2.4.4  Railtrack and the SRA, and to a lesser extent DTLR, are engaged in the strategic planning of the rail industry. This is largely carried out in isolation, each party showing much concern for "commercial confidentiality"—TOCs and FOCs are outwith the process. This leads to much duplication and abortive work. The new approach to franchising, including a more detailed and prescriptive Core Franchise proposition in so far as it will provide a consistency of strategic direction, will be welcome.

2.5  Industrial Relations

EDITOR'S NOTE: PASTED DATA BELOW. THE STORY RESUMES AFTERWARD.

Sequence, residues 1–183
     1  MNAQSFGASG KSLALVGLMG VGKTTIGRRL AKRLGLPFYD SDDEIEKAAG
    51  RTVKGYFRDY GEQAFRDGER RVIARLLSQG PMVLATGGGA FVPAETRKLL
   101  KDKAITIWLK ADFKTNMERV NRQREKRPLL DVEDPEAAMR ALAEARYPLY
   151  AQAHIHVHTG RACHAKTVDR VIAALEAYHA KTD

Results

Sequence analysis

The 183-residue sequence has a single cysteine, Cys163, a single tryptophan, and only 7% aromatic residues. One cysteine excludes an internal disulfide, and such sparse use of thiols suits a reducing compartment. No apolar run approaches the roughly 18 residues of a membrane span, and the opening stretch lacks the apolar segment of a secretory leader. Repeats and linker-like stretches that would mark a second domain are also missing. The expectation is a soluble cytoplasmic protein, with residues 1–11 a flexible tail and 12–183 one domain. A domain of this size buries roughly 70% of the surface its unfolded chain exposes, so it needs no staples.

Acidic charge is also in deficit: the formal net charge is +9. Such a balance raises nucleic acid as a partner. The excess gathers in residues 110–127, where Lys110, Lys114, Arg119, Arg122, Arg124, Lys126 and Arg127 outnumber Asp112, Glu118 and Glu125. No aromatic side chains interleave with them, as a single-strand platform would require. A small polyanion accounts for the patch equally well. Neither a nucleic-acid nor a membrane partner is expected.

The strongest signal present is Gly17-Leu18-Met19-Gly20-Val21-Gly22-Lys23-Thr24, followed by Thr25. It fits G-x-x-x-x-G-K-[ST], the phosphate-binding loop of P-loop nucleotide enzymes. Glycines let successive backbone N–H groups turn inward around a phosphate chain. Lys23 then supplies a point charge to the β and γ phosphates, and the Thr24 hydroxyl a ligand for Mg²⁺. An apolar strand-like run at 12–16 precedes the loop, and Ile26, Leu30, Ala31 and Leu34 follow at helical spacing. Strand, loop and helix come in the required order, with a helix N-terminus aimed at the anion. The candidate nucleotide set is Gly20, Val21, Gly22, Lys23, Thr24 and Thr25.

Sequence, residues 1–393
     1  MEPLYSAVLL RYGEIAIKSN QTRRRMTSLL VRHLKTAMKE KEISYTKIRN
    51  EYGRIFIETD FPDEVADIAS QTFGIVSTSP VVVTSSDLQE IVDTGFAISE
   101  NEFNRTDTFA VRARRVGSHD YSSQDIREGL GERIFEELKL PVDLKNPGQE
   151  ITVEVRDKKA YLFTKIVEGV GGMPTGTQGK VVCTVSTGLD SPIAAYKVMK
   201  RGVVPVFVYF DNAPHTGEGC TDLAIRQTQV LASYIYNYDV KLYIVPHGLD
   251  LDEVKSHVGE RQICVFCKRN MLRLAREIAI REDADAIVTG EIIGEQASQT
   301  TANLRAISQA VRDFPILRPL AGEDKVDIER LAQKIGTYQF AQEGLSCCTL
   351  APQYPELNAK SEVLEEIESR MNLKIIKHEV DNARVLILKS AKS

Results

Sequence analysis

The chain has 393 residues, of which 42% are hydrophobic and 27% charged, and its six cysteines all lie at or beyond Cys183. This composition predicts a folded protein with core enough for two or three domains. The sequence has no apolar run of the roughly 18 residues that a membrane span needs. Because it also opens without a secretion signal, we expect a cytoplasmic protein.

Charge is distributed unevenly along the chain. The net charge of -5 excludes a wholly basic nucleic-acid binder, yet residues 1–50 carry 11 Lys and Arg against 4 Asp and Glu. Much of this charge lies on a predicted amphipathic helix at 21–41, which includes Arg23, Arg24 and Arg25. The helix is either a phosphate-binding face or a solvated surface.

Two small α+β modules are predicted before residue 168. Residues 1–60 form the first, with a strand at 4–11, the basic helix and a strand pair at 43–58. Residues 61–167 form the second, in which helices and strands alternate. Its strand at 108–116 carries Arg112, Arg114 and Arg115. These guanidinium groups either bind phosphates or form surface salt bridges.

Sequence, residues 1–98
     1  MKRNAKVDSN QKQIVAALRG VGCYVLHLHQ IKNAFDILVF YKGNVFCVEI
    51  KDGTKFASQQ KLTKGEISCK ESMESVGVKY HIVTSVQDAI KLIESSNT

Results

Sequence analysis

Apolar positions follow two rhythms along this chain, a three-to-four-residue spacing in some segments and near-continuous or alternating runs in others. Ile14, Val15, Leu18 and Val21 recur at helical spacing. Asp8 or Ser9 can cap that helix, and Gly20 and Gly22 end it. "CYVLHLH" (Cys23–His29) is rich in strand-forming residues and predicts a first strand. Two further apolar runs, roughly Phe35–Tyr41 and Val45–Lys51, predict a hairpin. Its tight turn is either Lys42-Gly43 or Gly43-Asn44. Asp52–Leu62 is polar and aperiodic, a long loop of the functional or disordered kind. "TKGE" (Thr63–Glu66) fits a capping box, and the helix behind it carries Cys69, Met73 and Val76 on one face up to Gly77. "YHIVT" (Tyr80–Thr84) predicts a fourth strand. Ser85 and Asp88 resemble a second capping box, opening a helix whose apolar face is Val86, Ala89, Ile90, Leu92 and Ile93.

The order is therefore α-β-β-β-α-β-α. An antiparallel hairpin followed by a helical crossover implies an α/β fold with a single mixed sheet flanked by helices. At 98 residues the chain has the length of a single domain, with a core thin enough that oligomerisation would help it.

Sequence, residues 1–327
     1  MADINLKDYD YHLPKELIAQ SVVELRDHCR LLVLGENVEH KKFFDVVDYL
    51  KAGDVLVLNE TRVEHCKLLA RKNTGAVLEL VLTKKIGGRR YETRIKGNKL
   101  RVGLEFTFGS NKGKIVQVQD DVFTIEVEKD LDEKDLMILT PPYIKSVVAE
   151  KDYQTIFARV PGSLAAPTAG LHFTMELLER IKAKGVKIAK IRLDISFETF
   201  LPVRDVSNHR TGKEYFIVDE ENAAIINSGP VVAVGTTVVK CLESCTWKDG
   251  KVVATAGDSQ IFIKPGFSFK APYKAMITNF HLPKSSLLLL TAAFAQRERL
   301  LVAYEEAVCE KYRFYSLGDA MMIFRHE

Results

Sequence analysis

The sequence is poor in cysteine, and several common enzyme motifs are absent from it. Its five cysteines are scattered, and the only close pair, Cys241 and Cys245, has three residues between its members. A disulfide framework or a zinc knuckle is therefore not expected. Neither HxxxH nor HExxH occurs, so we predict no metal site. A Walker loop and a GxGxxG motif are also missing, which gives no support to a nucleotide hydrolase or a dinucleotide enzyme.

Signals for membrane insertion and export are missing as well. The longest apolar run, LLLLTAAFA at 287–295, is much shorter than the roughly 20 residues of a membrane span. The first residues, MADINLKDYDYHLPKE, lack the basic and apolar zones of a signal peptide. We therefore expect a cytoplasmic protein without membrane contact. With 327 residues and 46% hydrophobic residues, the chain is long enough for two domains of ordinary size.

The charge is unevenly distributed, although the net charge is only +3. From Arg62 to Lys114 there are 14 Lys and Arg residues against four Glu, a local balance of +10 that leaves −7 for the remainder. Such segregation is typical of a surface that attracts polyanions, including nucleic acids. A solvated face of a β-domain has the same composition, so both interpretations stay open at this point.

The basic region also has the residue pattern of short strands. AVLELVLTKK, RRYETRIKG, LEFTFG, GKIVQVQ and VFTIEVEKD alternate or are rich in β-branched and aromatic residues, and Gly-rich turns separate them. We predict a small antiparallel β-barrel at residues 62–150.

2.5.1  Industrial Relations are much improved on the railways post-privatisation. Trade Union matters should rightly remain with the employers of railway staff—TOCs, FOCs and Railtrack, at a Company level.

  2.5.2  Returning to a round of national rail strikes, a feature of the pre-privatisation years, will reverse many years of progress.